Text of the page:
The Guru, then, asked him if he knew about the hawk given to Baba Gurditta. He, again, swore and said that he knew nothing about the hawk.

The Guru sent Bhai Bidhi Chand to bring all those things from Usman Khan’s house. Bhai Bidhi Chand found Usman Khan sleeping in his house. Without disturbing him, he took all the things including the horse and rode back to the Guru’s court. He placed all those things before the Guru.

Painde Khan had, then, nothing to say. But he did not feel sorry for his act of disobedience. He was not ashamed of swearing falsely before the Guru. He did not beg the Guru’s pardon. So, the Guru expelled him from the Darbar. Painde Khan got angry. He said to the Guru J shall go to the Emperor. I shall complain against you. You will suffer. I shall have my revenge. I shall show you, how Painde Khan beats your Sikh soldiers in the battle-field.” The Guru let him leave the court unharmed.

The quarrel between the Guru and his General Painde Khan provided an opportunity to the Guru’s enemies. The son of Chandu and the son of Prithia had always been waiting for such an apportunity. They made a common cause with Painde Khan. They flattered him saying that it was only due to his strength, courage and generalship that the Guru had defeated the Mughal forces repeatedly.

They went to Agra with Painde Khan. They prevailed upon the Emperor to give them sufficient troops. Painde Khan asserted that he would destroy the might of the Guru.

Shah Jahan also wanted to erase the insult of the previous repulsions of his forces at the Guru’s hand. The defeat of his forces in the previous expeditions against the Guru was rankling in his heart. He granted permission for an attack on the Guru. He ordered the Governors of Lahore and Jalandhar to help Painde Khan in his fight against the Guru.

The combined forces of the Governors, the soldiers of Painde Khan and Usman Khan and the Pathans of Bassi attacked Guru Har Gobind at Kartarpur. A fierce battle was fought. The Guru’s Sikhs showed their valour. They killed many soldiers of the invading forces. The Guru himself, killed the Governors of Lahore and Jalandhar with his sword. Finding that his troops were being cut into pieces in large number, Painde Khan brought his horse near the Guru. He challenged him saying, “Let us have the duel for the fate of the battle. Why should there be so much loss of life on both sides?”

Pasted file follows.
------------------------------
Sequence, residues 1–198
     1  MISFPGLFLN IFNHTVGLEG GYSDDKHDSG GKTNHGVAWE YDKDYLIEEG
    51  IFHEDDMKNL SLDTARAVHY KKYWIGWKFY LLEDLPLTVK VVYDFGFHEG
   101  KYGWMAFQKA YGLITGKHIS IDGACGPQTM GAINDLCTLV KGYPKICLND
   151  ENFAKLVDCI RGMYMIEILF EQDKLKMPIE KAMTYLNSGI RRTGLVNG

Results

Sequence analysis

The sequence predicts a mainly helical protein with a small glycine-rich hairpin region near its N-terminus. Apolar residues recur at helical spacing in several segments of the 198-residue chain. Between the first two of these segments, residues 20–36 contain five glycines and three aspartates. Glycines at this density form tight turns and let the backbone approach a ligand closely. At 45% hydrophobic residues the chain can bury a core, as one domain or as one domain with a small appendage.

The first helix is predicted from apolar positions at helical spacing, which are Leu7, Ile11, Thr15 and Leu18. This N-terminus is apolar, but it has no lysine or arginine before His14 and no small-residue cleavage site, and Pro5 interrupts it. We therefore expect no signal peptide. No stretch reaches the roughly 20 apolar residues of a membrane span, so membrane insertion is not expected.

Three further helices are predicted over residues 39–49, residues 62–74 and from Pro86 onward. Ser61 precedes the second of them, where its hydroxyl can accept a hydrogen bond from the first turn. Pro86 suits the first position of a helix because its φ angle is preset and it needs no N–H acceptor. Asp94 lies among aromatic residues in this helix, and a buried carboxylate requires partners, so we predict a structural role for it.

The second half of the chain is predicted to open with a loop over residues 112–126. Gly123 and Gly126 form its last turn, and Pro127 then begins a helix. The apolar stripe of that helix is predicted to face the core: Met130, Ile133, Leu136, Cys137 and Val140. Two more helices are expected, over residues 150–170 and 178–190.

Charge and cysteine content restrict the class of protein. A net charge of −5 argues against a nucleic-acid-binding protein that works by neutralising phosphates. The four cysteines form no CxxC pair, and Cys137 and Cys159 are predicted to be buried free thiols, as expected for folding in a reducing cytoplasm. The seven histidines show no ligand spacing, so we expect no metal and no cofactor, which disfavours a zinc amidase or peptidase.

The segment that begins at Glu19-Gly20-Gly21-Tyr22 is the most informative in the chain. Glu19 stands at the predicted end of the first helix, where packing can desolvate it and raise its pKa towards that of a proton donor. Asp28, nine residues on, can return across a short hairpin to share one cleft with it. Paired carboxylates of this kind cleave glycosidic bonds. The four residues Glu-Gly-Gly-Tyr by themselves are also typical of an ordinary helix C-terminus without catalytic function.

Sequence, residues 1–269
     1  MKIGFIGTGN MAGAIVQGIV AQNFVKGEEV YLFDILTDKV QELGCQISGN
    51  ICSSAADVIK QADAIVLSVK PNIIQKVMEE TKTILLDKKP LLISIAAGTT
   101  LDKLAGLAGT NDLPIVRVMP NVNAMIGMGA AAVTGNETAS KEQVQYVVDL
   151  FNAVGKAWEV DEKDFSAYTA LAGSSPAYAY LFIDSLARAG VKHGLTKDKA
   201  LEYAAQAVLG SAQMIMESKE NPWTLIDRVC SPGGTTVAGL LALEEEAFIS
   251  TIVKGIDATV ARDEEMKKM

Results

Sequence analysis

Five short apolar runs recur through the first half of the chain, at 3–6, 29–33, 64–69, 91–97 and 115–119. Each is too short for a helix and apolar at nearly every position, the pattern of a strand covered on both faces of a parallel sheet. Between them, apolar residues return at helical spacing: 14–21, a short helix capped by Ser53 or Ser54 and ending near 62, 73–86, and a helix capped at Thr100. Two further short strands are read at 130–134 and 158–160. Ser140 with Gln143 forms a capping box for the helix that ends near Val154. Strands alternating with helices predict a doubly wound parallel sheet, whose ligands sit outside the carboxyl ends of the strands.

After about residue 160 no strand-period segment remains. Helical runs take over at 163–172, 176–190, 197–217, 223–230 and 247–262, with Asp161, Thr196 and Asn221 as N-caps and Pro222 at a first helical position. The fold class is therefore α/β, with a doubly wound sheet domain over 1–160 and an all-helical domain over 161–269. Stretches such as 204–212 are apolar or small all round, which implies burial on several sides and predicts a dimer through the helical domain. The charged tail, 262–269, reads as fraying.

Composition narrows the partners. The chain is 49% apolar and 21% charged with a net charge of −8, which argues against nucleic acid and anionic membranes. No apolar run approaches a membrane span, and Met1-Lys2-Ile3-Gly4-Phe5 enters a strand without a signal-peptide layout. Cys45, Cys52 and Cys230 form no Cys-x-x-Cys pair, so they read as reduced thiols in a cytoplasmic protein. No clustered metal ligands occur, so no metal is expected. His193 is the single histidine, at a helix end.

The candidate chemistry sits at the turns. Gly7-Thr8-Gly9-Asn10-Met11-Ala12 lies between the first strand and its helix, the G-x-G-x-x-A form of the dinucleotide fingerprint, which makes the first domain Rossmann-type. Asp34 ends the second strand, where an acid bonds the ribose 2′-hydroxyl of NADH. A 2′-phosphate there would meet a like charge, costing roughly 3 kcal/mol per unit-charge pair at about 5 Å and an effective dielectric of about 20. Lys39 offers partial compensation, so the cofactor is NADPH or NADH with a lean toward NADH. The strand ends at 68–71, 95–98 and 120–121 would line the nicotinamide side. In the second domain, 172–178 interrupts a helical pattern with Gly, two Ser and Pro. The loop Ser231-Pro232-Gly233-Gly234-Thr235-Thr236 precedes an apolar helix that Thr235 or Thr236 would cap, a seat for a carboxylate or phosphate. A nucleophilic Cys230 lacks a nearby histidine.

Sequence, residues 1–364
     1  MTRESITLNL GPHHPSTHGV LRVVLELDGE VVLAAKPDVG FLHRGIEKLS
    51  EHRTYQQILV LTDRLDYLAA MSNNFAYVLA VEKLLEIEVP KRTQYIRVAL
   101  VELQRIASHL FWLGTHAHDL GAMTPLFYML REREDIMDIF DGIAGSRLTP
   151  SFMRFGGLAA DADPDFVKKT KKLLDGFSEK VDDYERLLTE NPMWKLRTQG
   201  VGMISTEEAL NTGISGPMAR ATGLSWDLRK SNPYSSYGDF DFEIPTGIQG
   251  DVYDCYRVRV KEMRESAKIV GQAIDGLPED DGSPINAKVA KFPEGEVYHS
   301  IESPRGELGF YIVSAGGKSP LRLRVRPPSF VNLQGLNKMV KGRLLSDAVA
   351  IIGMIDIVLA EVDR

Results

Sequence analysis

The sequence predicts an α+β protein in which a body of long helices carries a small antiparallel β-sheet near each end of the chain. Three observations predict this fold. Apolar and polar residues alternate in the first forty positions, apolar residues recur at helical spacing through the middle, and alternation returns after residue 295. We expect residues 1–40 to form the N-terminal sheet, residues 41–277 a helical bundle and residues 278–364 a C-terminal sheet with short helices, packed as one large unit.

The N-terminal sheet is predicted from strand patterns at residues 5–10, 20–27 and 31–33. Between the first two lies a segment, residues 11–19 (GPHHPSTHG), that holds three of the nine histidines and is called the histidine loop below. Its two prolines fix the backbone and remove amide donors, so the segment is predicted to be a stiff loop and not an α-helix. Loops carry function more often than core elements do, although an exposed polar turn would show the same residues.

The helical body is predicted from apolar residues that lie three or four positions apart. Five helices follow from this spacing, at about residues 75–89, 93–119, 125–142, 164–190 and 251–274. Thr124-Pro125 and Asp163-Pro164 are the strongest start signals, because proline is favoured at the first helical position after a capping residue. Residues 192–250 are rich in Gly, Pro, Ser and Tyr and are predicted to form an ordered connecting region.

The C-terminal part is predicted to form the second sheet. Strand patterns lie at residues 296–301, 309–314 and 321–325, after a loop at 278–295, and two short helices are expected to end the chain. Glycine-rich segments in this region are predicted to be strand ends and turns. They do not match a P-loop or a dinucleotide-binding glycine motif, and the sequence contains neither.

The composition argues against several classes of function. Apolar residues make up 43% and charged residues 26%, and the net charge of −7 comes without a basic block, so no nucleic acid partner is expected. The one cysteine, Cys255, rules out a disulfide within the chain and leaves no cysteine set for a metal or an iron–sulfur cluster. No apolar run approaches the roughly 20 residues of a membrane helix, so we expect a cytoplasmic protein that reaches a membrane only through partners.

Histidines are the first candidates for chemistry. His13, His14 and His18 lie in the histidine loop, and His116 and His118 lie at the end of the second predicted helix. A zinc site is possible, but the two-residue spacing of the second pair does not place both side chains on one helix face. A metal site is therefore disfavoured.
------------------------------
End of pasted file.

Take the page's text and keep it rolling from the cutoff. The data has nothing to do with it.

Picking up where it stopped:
The Guru cheerfully accepted his challenge. He even allowed him to avail the chance of attacking him first. Painde Khan, thus, attacked the Guru with his javelin. The Guru defended the brunt on his shield. He gave him another chance. Painde Khan took his horse to some distance. He, then, came with a great speed and gave a very forceful blow of his javelin. But this time, too, the Guru was alert to escape the brunt. The blow of the jevelin struck against the shield. The traitor Painde Khan grew nervous. The Guru had repulsed his two abortive attempts on his life. Painde Khan, then, suggested that both of them should alight from their respective horses and have a fight with swords. The Guru did not show any hitch. He agreed to the fight using swords. Both of the warriors alighted from their respective horses. The Guru asked Painde Khan to take first his turn of attacking him. Painde Khan did attack the Guru with his sword; but the Guru bore the brunt on the shield. He then gave him another chance. This time Painde Khan used all his skill of swords-manship and gave a powerful stroke; but the Guru defended himself. He, then, asked Painde Khan to be ready to have the taste of his sword saying, “Not like you Painde Khan, see! This is the way how sword is used.” There was no sign of anger in his eyes or on his face. He was as cool and calm as he used to be. He seemed to be giving a lesson in the skiful use of sword to Painde Khan.

Painde Khan could not defend himself. The Guru’s sword pierced through his body. He fell down on the ground. His head armour fell down.

The Guru went to him. He shielded his face against the sun. He said to Painde Khan, “You are parting for your onwards journey. Say your Kalma (Prayer)” Painde Khan slightly bowed and said, “Lord! Your sword is Kalma for me. I shall get a seat in heaven because of the stroke of your sword.” Tho Guru felt pity for Painde Khan. He prayed to God to grant peace to his soul.